Hemorrhoids are a common, generally insignificant swelling and distension of veins in the anorectal region. They become significant when they bleed or cause pain or itching. In the United States, at least 10 million people have hemorrhoids, and up to a third of these people seek treatment. Hemorrhoids are categorized as either internal or external. Internal hemorrhoids, produced by dilation and enlargement of the superior plexus, cannot be seen because they are above the anal sphincter, whereas external hemorrhoids, produced by dilation and enlargement of the inferior plexus, are below the anal sphincter and are apparent on inspection. Hemorrhoids develop when increased intra-abdominal pressure produces increased systemic and portal venous pressure, thus causing increased pressure in the anorectal veins. The arterioles in the anorectal area send blood directly to the swollen anorectal veins, further increasing the pressure. Recurrent and repeated increased pressure causes the distended veins to separate from the surrounding smooth muscle and leads to their prolapse (enlarged internal hemorrhoids that actually protrude through the anus).
Some factors that are associated with hemorrhoids are occupations that require prolonged sitting or standing; heart failure; anorectal infections; anal intercourse; alcoholism; pregnancy; colorectal cancer; and hepatic disease such as cirrhosis, amoebic abscesses, or hepatitis. Straining because of constipation, diarrhea, coughing, sneezing, or vomiting and loss of muscle tone because of aging, rectal surgery, or episiotomy can also cause hemorrhoids.
Nursing care plan assessment and physical examination
Establish a history of anal itching, blood on the toilet tissue after a bowel movement, and anorectal pain or discomfort. Ask if the patient has experienced any mucous discharge. Determine if the patient can feel the external hemorrhoids. Elicit a history of risk factors and dietary patterns. Inspect the patient’s anorectal area, noting external hemorrhoids. Internal hemorrhoids are discovered through digital rectal examination or anoscopy. Note any subcutaneous large, firm lumps in the anal area.
Nursing care plan primary nursing diagnosis: Pain (acute or chronic) related to rectal swelling and prolapse.
Nursing care plan intervention and treatment plan
Generally, hemorrhoids can be managed pharmacologically. Conservative treatments include application of cold packs to the anal region, sitz baths for 15 minutes twice a day, and local application of over-the-counter treatments such as witch hazel (Tucks) or dibucaine (Nupercainal) ointment. If conservative treatment does not alleviate symptoms in 3 to 5 days, more invasive management may be needed.
Invasive treatment may be indicated for thrombosis or severe symptoms. Sclerotherapy obliterates the vessels when the physician injects a sclerosing agent into the tissues around the hemorrhoids. With elastic band ligation, rubber bands are put on the hemorrhoids in an outpatient setting. The banded tissue sloughs. Successive visits may be necessary for many hemorrhoids. Although rubber band ligation has a high success rate, it may temporarily increase local pain and cause hemorrhage. In cryosurgery, the physician freezes the hemorrhoid with a probe to produce necrosis. Cryosurgery is used only for first- and second-degree hemorrhoids.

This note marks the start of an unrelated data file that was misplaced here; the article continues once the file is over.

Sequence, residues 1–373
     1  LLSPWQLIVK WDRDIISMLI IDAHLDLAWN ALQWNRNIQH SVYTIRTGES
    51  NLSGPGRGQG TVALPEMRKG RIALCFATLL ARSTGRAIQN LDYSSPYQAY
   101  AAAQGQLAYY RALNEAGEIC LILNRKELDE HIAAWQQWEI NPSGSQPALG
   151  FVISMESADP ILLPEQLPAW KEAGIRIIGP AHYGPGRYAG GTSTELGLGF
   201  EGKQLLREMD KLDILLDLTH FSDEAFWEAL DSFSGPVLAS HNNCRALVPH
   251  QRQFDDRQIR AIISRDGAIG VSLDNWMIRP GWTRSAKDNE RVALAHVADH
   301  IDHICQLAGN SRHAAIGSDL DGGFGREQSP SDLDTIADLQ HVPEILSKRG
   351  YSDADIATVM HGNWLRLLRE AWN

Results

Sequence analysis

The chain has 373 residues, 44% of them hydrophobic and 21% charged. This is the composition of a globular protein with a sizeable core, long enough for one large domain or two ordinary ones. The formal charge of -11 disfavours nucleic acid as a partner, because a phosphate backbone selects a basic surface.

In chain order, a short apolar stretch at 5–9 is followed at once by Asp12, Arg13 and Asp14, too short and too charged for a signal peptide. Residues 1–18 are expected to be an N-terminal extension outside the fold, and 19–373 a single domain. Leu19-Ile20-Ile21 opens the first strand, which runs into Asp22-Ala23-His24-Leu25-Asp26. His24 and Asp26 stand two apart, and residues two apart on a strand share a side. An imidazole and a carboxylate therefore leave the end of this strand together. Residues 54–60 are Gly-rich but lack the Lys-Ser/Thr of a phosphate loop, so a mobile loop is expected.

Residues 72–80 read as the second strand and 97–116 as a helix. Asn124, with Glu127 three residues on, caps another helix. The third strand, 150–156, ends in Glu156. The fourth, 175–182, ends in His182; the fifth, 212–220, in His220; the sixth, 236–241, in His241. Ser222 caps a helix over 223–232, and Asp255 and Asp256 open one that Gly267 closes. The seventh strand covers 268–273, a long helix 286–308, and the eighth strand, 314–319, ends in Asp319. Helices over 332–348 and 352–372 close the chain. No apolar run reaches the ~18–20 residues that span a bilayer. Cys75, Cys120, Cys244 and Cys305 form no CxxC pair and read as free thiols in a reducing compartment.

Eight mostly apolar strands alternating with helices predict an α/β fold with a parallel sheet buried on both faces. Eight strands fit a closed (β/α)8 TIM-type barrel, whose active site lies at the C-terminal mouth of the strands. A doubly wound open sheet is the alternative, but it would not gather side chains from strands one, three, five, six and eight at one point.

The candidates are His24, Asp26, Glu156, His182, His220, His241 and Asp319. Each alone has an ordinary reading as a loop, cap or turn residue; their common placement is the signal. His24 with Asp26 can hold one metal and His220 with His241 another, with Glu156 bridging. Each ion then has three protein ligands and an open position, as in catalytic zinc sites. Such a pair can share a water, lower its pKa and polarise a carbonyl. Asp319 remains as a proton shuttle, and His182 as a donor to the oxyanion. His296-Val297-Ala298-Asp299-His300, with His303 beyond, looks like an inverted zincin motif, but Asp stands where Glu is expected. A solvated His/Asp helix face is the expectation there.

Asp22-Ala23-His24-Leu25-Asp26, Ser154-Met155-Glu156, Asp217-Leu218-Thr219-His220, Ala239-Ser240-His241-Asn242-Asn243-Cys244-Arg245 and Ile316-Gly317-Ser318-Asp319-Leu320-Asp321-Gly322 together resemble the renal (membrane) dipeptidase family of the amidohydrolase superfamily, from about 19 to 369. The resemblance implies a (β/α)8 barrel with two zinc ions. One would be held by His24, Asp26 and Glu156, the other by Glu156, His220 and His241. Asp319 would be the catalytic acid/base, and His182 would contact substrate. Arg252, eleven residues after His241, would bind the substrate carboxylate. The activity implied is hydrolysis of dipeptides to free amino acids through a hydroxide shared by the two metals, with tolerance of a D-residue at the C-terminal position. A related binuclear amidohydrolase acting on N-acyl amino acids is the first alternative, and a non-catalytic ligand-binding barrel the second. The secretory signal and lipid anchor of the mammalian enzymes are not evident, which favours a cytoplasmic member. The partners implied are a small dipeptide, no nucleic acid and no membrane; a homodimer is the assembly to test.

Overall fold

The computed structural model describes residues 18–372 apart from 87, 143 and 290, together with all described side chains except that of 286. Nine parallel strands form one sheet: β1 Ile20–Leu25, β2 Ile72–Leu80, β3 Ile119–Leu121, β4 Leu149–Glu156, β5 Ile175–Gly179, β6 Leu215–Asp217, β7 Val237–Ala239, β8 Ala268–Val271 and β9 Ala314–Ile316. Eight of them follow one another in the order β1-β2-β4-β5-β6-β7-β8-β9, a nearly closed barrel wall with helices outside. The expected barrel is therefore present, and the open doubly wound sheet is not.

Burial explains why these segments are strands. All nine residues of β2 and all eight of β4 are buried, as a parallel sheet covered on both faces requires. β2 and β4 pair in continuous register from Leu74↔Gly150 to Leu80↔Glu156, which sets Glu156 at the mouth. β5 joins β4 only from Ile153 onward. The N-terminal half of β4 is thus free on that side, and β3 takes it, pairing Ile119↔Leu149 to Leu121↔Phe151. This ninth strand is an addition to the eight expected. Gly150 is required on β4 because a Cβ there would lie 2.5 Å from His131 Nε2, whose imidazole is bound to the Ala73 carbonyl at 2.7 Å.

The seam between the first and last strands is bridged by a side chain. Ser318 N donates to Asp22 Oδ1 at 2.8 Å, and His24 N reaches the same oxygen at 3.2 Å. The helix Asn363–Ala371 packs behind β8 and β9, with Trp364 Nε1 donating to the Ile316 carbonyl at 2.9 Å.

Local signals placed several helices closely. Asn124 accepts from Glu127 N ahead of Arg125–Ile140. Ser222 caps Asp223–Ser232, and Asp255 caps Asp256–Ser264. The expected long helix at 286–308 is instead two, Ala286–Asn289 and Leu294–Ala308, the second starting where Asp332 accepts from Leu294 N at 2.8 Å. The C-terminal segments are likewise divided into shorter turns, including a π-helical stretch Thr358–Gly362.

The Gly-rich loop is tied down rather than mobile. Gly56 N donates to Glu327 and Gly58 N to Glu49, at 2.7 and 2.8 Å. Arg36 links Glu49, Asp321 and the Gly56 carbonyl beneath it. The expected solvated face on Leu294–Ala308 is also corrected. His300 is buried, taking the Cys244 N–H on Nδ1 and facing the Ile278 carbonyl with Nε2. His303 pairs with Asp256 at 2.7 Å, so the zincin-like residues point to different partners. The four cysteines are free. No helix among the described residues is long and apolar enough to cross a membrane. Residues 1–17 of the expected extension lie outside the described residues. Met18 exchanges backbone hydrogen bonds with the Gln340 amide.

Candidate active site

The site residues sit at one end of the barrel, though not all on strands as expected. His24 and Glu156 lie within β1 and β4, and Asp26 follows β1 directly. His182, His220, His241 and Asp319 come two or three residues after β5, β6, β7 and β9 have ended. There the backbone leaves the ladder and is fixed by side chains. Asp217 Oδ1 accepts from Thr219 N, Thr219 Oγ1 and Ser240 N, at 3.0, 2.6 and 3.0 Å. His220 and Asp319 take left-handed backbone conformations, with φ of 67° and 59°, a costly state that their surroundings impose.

The most effective treatment is hemorrhoidectomy, the surgical removal of hemorrhoids, which is performed in an outpatient setting in 10% of patients. When the patient can resume oral feedings, administer a bulk medication such as psyllium. This medication is given about 1 hour after the evening meal to ensure a daily stool, which dilates the scar tissue and prevents anal stricture from developing. Postoperative care includes checking the dressing for excessive bleeding or drainage. The patient needs to void within the first 24 hours. If prescribed, spread petroleum jelly on the wound site and apply a wet dressing. Complications include urinary retention and hemorrhage. The newest surgical technique for treating hemorrhoids is stapled hemorrhoidectomy. The surgery does not actually remove hemorrhoids but rather the supporting tissue that causes hemorrhoids to prolapse downward.
Most patients can be treated on an outpatient basis. Teach patients and families about over-thecounter local applications for comfort. Explain the importance of promoting regular bowel habits. Emphasize the need for increasing dietary fiber and fluid through a balanced diet high in whole grains, raw vegetables, and fresh fruit. Moderate exercise such as walking can also help regulate bowel function. Postoperative actions include administering ice packs for pain control and positioning the patient for comfort. After the first 12-hour postoperative period, sitz baths three or four times a day may be instituted to prevent rectoanal spasms and reduce swelling. Explain that the first postoperative bowel movement is painful and may require suitable narcotic intervention for comfort.
Nursing care plan discharge and home health care guidelines
Teach the patient the importance of a high-fiber diet, increased fluid intake, mild exercise, and regular bowel movements. Be sure the patient schedules a follow-up visit to the physician. Teach the patient which analgesic applications for local pain may be used. If the patient has had surgery, teach her or him to recognize signs of urinary retention, such as bladder distension and
hemorrhage, and to contact the physician at their appearance.